Washington: Pakistan`s envoy to the US, Husain Haqqani, has acknowledged that Islamabad`s "preoccupation with India" was a factor that came in the way of its doing more to show its commitment to fighting terror.
"And then, above all, there is a concern that India is not reconciled to our sort of nationhood and statehood. And so those are concerns that are reflected in public opinion," Haqqani told PBS.
"And the government also has to deal with the view that the United States has not been a consistent friend of Pakistan. And if we do too much at the behest of the United States, the US could leave us in the lurch and walk away again.”
"Pakistan became an ally of the United States in the 50s. We were part of the Southeast Asia and the Central Treaty Organisations," Haqqani said.
"And yet Pakistan`s concerns about India were not addressed by the Americans, and several concerns about our region were not understood or fully comprehended by Pakistan`s various leaders."
Islamabad has no intention of trying to carve out a sphere of influence in Afghanistan, he said but is indeed "concerned about the influence of India in Afghanistan".
Haqqani said: "We are concerned about the influence of India in Afghanistan because we have had conflict with India and we do not want to have a situation in which we are caught in a pincer movement."
"But the solution to that lies in talking to the Indians, talking to the Afghans, and we are doing both. We want good relations with our neighbours, have no intention of trying to carve out a sphere of influence in Afghanistan," he added.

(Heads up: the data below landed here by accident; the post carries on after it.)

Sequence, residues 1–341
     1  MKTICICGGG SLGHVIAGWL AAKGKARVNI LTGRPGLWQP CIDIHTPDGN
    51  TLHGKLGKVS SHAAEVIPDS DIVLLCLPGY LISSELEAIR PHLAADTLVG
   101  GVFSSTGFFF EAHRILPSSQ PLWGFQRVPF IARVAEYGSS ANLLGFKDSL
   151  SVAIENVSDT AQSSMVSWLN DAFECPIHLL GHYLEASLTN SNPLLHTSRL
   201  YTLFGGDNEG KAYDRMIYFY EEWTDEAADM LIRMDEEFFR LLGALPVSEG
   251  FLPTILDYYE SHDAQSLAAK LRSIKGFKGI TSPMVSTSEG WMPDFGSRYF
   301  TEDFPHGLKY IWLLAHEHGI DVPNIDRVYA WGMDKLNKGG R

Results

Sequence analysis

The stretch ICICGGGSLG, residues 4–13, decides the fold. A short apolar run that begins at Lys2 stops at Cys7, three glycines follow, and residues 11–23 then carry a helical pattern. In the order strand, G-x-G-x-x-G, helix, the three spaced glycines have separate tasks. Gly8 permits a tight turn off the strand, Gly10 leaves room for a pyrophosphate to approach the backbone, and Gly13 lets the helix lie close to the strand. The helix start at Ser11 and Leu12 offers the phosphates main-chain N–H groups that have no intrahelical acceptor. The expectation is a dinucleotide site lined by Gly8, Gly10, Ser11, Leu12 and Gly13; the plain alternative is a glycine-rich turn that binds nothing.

Asked to comment on US joint chiefs of staff chairman Admiral Mike Mullen`s statement that Pakistan spy agency ISI`s links to Lashkar-e-Toiba (LeT) as well as the Haqqani network was unacceptable, Haqqani said "Mullen`s views are views that are understood and also shared at the highest levels of government in Pakistan."
"Lashkar-e-Toiba is a banned group in Pakistan. But there are elements connected to that group that still operate, and Pakistan is dealing with that."
The Pakistani government is working very hard at bringing about normalcy in relations with India, but there are outstanding issues that keep cropping up there as well, he said and added: "So what we are trying to do is deal with several of these issues at a time when we have severe economic and social pressures within our society."
Claiming that the "historic relationship" between ISI and the Taliban was a reality of the post, Haqqani said, "the government in Pakistan, including our military and our intelligence services, are very clear about the future direction."
Pakistan was worried "about the endgame in Afghanistan", he said. "But Pakistan does not want a return of the Taliban to Afghanistan."